Home
About_Me
About_My_Mentor
About_My_Project
Links
My_Journal

Week 5
Fortunately for Philip and I, everything seemed to go right this week:

I finished the test suite for the synthetic sqrt code

The test suite allows analysis of performance and accuracy.

I will use it to explore several aspects of my problem:

Which algorithm is better? (Newton Raphson iterations, or a Binary Search)

How do the values of the absolute and relative tolerances affect the balance between performance and accuracy?

(Also, is there an optimal setting for these values that maximizes both?)

How must I adapt these settings according to the precision used? (Single vs Double)

Are any of these aspects affected by the particular value of the operand? (different sqrt(x) for different x?)

How would this added functionality slow down applications as a function of usage (0.1%, 1%, or 10% of calculations?)

I also discovered that our methodology for measuring execution time was flawed.

The prior method kept track of the number of active clock cycles between two system calls, but these did not include time spent outside the CPU.

I've corrected the problem by making system calls to get wall time stamps and did a subtraction to determine execution time.

I will be adding to the group wiki to share this insight with the rest of the group.

Philip, after learning of my rootfinding approach to implementing sqrt, was interested in applying this approach for division.

We discussed both the theory of applying this to division and the practical implications of implementing this on GPUs.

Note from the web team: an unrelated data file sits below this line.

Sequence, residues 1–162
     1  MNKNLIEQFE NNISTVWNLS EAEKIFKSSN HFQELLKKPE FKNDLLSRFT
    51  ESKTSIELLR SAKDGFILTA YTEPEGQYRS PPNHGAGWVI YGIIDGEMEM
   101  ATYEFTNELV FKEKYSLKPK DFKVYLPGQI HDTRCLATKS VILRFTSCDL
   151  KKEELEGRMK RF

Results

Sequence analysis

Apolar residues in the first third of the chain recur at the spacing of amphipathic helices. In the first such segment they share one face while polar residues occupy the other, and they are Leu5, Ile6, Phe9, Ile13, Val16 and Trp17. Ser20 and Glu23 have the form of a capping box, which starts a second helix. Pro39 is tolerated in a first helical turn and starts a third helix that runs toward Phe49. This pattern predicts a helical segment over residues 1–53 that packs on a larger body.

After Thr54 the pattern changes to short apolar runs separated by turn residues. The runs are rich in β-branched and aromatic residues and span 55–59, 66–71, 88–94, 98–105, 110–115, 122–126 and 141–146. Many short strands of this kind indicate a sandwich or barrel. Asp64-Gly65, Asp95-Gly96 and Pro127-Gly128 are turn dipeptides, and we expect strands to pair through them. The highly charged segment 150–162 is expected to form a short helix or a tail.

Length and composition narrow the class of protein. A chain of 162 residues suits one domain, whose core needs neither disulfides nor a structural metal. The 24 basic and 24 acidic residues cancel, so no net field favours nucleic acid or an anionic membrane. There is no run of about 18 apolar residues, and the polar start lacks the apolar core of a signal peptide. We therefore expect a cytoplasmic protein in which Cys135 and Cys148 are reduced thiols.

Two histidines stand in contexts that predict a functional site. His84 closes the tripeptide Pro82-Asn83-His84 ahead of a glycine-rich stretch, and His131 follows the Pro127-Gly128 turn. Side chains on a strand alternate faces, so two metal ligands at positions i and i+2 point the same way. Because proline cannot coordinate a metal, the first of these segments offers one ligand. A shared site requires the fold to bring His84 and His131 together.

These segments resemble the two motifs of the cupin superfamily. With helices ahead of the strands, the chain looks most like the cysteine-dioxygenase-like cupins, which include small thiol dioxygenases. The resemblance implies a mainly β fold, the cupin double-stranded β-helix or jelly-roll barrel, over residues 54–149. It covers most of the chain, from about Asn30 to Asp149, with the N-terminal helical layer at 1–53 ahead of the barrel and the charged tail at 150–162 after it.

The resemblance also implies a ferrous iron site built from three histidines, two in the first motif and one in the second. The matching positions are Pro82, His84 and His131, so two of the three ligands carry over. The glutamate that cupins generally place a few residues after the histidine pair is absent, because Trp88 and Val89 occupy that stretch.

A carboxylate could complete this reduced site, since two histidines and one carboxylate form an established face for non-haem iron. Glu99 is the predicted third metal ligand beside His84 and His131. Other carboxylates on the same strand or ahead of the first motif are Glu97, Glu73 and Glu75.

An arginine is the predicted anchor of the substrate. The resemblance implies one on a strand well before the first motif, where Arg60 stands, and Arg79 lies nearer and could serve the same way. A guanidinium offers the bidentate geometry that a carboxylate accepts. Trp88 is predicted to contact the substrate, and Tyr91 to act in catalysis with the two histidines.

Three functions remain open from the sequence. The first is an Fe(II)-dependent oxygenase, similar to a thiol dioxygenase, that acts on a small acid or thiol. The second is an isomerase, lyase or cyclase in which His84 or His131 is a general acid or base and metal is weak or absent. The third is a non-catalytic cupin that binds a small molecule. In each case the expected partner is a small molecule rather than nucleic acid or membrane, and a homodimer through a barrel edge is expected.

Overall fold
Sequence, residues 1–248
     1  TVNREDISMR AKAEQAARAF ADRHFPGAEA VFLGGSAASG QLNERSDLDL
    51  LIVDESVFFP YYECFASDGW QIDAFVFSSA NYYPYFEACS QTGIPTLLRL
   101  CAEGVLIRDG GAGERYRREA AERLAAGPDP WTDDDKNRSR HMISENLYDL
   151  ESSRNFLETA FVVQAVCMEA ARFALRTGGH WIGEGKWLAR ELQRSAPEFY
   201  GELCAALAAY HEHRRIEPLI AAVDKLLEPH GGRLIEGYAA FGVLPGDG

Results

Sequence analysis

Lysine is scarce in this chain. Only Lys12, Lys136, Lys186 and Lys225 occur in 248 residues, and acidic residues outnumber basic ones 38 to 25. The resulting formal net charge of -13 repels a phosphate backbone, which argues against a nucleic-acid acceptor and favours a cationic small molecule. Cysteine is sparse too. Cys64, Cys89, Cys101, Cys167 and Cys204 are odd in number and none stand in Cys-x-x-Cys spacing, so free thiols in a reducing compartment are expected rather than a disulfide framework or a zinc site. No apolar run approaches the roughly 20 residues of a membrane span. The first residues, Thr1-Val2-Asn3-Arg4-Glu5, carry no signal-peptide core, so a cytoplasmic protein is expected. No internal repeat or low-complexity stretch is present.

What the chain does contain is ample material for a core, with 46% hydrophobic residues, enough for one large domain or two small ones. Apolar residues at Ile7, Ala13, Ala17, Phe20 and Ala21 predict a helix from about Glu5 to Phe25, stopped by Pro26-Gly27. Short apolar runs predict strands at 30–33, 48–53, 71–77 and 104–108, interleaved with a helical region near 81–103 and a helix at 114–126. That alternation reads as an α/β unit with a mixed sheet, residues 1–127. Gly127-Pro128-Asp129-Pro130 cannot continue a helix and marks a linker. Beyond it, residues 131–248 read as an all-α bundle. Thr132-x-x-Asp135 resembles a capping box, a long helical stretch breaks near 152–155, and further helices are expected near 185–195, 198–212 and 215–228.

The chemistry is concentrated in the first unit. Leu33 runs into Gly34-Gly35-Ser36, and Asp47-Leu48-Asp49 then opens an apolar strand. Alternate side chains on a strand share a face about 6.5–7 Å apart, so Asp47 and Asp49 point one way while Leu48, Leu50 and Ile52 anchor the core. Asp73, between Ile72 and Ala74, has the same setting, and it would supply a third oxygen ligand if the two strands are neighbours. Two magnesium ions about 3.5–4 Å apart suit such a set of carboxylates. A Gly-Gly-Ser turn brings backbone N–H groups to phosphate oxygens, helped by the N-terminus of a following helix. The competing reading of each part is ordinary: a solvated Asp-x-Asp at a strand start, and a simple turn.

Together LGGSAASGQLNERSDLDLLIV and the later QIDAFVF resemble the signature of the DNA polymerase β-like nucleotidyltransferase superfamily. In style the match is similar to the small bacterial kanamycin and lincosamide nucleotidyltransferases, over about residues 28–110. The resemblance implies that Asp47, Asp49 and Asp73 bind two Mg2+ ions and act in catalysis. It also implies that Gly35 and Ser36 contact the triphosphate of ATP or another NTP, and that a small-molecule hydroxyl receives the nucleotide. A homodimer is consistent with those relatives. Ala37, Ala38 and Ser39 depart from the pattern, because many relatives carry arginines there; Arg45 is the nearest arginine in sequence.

We agreed this approach had the potential to perform much faster and much more accurately than his current approach.

Indeed, his preliminary results show massive speed improvements that greatly exceeded our expectations.

In fact, these results show that for operands particularly large in magnitude, the new approach not only fixes GPU drifting, but is more accurate than CPU hardware division!

During the week, I was involved in several discussions:

Philip and I presented our work and preliminary findings to a group of collaborators from the Army Research Laboratory.

They do a lot of work on GPUs, and are very interested in our project.

I attended a talk by Dr. Lisa Marvel, a researcher also from the ARL.

Her work in Steganography is incredibly interesting!

I've also participated in the weekly group meeting.

Trilce, a Ph.D. student in the group, presented a paper that was awarded "Best Systems Paper" in Supercomputing 2003.

The paper detailed very useful methodologies for finding sources of performance loss in high scale clusters and eliminating them.

Some social events.

I went to another picnic hosted by the social committee at the Towers, where I currently stay.

The food was great, and I got to ride a segway!

I had lunch with Dr. Pollock's group and the rest of the GCL.